We found a nice tree to scatter Mums ashes, and said our final goodbyes, whilst playing "How great thou art " , one of her favorites hymns, on Kwongs iPad.

A quick whip back down the mountain in the peak hour traffic to Hobart, and we enjoyed a delicious breakfast at a French patisserie come cafe.   The cakes in that shop looked nicer than some we had seen in Paris, and they gave us a nice preview of what we might be choosing from in six weeks time whilst we are back in France.

After packing our cases, TRO and  I walked  back down the street from our hotel, and toured the replica of Mawsens Hut, built near the waterfront.  It was quite amazing, and incredible to think that a wooden hut could stand up to Antarctic weather. The  orginal is still down there, and is being maintained, weather permitting, in Antarctica.

Off to the airport after checking out of our hotel, and an uneventful flight home.

We plan to return to Tasmania in the next year or two, and explore some other parts of it.

Sunday, June 21, 2015


Today we made an early start to visit the famous Salamanka Markets.  Of course, it was freezing again, and we went well rugged up, except  for the one  who does not feel the cold.  After a yummy breakfast at a local cafe, we trekked the entire length  of the market, which has over 300 stalls, many of which feature items just available here in Tasmania.  A coffee break half way through below.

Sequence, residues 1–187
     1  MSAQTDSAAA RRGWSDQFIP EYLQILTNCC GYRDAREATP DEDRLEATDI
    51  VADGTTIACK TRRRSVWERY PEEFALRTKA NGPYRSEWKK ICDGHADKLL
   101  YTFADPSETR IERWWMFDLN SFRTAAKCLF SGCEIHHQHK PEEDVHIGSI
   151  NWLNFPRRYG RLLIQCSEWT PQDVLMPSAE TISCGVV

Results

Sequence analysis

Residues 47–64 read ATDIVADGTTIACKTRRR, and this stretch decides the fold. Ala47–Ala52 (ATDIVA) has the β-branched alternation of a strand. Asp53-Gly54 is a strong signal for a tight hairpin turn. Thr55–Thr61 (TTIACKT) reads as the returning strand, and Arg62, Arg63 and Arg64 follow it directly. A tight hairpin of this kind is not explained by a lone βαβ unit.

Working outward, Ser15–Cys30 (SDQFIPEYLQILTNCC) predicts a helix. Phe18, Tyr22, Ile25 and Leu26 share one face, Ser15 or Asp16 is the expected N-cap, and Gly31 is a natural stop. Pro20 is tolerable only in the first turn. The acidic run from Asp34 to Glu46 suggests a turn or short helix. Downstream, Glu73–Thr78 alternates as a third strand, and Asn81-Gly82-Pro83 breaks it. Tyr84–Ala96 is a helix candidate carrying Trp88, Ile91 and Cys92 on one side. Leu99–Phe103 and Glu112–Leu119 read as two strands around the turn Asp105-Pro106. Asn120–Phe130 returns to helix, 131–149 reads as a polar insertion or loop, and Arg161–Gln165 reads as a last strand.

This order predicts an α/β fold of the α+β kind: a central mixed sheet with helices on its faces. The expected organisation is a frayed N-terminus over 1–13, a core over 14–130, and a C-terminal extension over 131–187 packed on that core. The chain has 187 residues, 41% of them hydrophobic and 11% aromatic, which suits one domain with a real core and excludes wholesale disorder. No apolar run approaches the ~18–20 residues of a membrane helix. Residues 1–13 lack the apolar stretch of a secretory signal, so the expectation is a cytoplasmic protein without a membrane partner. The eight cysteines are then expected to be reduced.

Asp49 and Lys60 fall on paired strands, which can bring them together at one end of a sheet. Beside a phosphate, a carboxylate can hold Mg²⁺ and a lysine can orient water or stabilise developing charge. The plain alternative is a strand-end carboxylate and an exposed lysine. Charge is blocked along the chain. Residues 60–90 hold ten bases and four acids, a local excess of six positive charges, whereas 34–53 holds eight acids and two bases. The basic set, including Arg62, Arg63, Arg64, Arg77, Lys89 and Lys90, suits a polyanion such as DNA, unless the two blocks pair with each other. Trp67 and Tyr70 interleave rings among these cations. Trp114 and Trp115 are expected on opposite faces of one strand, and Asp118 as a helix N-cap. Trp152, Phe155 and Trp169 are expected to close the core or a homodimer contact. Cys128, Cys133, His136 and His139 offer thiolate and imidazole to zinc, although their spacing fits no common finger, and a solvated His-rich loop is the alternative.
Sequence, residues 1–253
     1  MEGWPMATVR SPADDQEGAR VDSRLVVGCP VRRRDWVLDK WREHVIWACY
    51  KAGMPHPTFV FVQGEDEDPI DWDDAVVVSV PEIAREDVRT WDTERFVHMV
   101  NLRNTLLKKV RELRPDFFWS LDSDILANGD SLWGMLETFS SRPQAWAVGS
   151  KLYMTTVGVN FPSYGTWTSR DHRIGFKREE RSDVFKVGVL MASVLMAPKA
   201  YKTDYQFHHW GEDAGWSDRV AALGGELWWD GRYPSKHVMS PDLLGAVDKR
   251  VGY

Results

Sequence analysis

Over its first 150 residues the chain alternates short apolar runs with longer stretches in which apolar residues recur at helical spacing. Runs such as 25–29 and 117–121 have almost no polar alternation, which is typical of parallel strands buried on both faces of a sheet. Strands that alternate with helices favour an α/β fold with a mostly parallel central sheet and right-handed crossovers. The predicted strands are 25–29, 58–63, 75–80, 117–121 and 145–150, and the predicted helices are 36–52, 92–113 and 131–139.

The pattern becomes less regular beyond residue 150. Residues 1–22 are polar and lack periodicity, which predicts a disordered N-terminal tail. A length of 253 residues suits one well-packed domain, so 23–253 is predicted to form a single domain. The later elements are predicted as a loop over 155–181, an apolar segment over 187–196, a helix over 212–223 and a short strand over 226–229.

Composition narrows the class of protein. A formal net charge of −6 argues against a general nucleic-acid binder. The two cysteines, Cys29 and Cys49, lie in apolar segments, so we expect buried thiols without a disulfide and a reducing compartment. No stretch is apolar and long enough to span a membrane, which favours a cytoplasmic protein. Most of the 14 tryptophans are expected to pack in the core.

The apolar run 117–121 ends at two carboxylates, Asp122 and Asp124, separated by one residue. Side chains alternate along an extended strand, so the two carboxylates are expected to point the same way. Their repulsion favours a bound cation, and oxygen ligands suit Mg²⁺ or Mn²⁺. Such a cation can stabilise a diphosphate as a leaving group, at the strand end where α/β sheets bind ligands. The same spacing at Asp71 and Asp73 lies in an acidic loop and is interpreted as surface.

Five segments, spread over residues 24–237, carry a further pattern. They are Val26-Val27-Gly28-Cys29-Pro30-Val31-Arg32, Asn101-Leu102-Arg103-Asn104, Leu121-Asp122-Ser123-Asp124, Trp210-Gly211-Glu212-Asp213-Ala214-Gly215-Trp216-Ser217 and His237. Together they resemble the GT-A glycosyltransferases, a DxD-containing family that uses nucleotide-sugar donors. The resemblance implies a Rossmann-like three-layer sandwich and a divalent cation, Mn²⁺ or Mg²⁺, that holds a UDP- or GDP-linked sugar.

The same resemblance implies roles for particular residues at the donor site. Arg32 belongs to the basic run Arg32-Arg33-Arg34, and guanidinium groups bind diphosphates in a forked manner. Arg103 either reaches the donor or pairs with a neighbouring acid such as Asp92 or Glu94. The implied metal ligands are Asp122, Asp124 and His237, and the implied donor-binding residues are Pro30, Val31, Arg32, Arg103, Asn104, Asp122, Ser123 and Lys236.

After a light lunch in the old IXL jam factory site, we headed off to Mt. Wellington.  We could see the snow on it from our Hotel.  It's almost 13 years since we have been to the snow, and although we did not have snow gear, we thought we would manage for a short trip.  There was no guarantee we would even get to the top either.   We did, along with many other travelers.   It was so very, very cold!   Just 1 degree at the top, and  the wind chill factor we reckoned to be -10.   After about 30 seconds facing the wind, my face was freezing.

It was so very pretty, with a wonderful view overlooking Hobart.   This city really is a most delightful place.

Dinner time took us to the Drunken Admiral.   Again, just a short walk from our accommodation.  It's so good to wander around at walk around at night  with many other folk out and about as well; everyone rugged up to the nines.